Louisette Geiss was once a rising star in the entertainment industry. She’d performed at the Grand Ole Opry and made appearances on hit sitcoms when she reached both the apex and proverbial end of entertainment career in Harvey Weinstein’s hotel room at the Sundance Film Festival in 2008.

Louisette Geiss was once a rising star in the entertainment industry. She’d performed at the Grand Ole Opry, made appearances on hit sitcoms and reached both the apex and proverbial end of her entertainment career in Harvey Weinstein’s hotel room at the Sundance Film Festival in 2008.

A decade later, her star is rising once again, this time in the real estate industry, where she’s the sales vice president at First American Title. At Inman’s Luxury Connect event in Los Angeles on Wednesday, Geiss recalled the incident in Weinstein’s hotel room, the catalysts for her to lead the class action lawsuit against the embattled movie producer and ultimately her second act in the real estate industry.

The night in Weinstein’s hotel room is still vivid in Geiss’ mind. She met Weinstein in the lobby of the hotel, and they made plans to meet in his office later, so Geiss could pitch a script she had written.

“I said, ‘I’ll go back and pitch you my script, but I want you to shake my hand that you won’t touch me,’” Geiss recalled. “The reason I did that, because quite frankly, I had been in the business 20 years and I had seen and heard a lot, but there was no concrete manual, there was nobody saying what happened to them, so I never knew if it was consensual or not.”

Attorney Gloria Allred and Geiss speak during a press conference about her client’s allegations of sexual harassment by Harvey Weinstein at Allred’s office on October 10, 2017. Getty Images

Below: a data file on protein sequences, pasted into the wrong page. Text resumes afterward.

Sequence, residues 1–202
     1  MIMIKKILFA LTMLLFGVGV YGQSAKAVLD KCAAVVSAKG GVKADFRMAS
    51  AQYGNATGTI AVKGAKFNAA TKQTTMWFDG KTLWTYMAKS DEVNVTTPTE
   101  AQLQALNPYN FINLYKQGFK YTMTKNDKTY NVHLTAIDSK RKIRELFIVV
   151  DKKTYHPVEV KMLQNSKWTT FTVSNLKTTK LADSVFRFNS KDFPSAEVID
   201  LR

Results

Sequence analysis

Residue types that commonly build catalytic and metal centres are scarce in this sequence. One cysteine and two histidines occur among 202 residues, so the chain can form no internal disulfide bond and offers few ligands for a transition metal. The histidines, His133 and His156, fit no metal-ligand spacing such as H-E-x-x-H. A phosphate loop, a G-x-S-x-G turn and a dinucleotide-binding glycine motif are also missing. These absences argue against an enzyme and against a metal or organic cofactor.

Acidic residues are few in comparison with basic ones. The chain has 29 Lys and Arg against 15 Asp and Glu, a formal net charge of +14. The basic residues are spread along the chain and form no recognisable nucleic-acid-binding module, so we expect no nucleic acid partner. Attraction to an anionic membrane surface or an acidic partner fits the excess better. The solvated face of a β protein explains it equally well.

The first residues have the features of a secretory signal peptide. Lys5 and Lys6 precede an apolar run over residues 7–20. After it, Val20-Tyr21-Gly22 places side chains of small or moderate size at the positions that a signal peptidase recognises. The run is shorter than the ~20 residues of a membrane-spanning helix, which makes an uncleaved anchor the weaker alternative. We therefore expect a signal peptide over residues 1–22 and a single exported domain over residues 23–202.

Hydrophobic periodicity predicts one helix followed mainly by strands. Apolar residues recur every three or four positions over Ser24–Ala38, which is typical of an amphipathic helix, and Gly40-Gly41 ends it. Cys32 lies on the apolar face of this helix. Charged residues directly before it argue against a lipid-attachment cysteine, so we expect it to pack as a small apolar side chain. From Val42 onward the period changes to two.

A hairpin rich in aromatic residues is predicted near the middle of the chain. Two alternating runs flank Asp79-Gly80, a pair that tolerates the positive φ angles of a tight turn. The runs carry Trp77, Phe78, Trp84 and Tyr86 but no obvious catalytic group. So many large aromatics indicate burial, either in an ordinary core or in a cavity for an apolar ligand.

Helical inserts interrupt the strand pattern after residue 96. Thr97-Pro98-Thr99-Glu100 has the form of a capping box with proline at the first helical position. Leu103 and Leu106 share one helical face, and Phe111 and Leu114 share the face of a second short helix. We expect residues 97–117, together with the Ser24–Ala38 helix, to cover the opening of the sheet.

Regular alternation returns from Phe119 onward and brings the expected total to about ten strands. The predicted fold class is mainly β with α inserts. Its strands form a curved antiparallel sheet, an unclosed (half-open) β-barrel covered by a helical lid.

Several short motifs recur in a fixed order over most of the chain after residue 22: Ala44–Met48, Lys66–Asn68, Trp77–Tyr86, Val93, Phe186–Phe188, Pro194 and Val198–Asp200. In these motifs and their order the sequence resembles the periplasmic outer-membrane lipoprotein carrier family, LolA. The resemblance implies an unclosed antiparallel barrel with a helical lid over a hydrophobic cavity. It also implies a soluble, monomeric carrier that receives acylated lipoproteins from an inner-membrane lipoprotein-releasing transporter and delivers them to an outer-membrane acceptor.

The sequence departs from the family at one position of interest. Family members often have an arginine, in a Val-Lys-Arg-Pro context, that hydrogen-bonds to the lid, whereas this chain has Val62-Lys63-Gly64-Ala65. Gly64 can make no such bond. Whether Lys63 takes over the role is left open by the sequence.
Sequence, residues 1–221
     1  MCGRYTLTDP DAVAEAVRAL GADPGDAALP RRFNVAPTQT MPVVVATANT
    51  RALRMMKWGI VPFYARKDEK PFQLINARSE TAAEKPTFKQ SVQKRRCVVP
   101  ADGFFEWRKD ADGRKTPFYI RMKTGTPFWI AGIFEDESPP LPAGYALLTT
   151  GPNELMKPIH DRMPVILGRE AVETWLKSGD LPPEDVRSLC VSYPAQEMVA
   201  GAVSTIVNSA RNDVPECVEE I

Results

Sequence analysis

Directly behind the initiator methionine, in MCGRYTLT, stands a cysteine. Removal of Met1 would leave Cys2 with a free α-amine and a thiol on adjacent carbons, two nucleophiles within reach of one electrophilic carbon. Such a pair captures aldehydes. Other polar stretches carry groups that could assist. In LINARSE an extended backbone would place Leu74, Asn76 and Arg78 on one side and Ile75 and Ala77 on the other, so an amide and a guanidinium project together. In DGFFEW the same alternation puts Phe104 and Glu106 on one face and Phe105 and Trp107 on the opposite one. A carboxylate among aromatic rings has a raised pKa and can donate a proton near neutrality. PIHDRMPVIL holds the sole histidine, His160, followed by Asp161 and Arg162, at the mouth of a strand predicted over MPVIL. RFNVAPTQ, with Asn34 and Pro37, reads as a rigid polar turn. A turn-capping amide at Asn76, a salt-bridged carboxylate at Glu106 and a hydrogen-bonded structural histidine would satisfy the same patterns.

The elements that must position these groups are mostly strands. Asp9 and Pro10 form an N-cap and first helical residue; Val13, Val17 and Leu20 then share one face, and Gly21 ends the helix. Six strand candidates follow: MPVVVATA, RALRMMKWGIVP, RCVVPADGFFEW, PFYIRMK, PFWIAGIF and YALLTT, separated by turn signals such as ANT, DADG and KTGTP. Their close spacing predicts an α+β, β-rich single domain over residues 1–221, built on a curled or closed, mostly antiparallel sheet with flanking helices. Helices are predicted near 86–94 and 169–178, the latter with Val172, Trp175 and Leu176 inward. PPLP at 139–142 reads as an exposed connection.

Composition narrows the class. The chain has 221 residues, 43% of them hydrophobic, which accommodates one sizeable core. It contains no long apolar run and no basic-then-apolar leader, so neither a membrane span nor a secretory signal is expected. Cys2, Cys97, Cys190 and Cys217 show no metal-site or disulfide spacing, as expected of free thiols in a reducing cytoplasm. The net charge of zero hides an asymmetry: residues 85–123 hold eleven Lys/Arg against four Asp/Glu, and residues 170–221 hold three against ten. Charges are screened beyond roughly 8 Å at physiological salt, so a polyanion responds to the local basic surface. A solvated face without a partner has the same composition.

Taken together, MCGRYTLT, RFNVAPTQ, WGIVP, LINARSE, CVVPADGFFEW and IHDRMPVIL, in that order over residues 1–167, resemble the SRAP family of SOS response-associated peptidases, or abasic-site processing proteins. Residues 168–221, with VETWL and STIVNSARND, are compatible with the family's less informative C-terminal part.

In the middle of the meeting, Weinstein excused himself to go to the bathroom and came back just in a robe. She declined, during the talk, to go into further gory details. Geiss left the room and in her head, knew full well what it meant for her entertainment career.

“When you work so hard in your life to get to a certain point and you’re told, hey you have to do some kind of thing that obviously does not feel good to you, you feel that you’re subjecting yourself to these horrible experiences,” said Geiss. “And you say to yourself, I won’t make it unless I do what he’s asking.”

Geiss ultimately became one of the first survivors to speak out publicly against Weinstein and his alleged decades of sexual assault and rape. She said she knows now that she’s one of the lucky ones and she claims “hundreds” of others that have been assaulted or raped by Weinstein.

Weinstein has unequivocally denied any allegations of non-consensual sex.

“When I stepped up to put my name and my face to what happened to me, it’s because I don’t want anybody else to feel this,” Geiss said. “I have two little girls and I don’t want them to go through that. I don’t want anybody’s girls or sons to go through this abuse.”

Weinstein was eventually terminated from his company, and there’s ongoing legal action, lead in part by Geiss, against Weinstein. Weinstein has also been indicted multiple times this year on rape charges.

Kyle Espeleta

But speaking on stage, Geiss had a message for attendees. Stopping people like Weinstein in the entertainment industry, and all of the other stories that have come out during the #MeToo era, across every industry of sexual harassment and assault, requires both men and women standing together and rising against what was for so long the norm.

“It takes both men and women to rise up against this situation,” Geiss said. “There’s no way we’re going to stop this mentality of it being the norm – which it really was the norm – and the only way we’re going to stop it is if we link arms together.”

Now, a decade after that night in Weinstein’s hotel room, Geiss, who was recruited into the real estate industry by her husband, is enjoying a successful second act, with her husband, young children, and new career.

“I re-invented myself completely,” Geiss said. “My husband recruited me into the real estate industry.”

“It’s a big leap to go from that to my new career,” added Geiss. “And although I’m grateful, there is a sadness in giving up 20 plus years of hard work. I’m sure any of you can understand that.”

Email Patrick Kearns

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